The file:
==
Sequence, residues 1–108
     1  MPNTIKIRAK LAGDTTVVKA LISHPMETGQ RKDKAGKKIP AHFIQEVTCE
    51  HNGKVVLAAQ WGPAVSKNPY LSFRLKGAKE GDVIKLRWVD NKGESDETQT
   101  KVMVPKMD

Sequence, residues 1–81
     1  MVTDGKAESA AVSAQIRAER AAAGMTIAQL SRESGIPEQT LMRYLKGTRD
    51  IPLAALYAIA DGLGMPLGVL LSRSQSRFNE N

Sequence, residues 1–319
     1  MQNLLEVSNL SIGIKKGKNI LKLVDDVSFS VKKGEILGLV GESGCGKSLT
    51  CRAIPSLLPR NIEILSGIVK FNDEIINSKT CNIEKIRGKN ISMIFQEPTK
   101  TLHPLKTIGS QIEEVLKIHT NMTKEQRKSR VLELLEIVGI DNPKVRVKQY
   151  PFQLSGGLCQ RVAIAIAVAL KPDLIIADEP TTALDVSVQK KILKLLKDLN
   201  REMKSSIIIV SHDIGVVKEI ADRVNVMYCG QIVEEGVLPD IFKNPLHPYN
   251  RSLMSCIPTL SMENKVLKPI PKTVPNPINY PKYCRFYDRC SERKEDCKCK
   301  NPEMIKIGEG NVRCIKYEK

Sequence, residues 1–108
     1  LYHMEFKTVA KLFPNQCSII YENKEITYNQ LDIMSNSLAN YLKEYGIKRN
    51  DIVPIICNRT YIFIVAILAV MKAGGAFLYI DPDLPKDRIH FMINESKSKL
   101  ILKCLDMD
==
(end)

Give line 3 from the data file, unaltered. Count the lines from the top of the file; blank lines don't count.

    51  HNGKVVLAAQ WGPAVSKNPY LSFRLKGAKE GDVIKLRWVD NKGESDETQT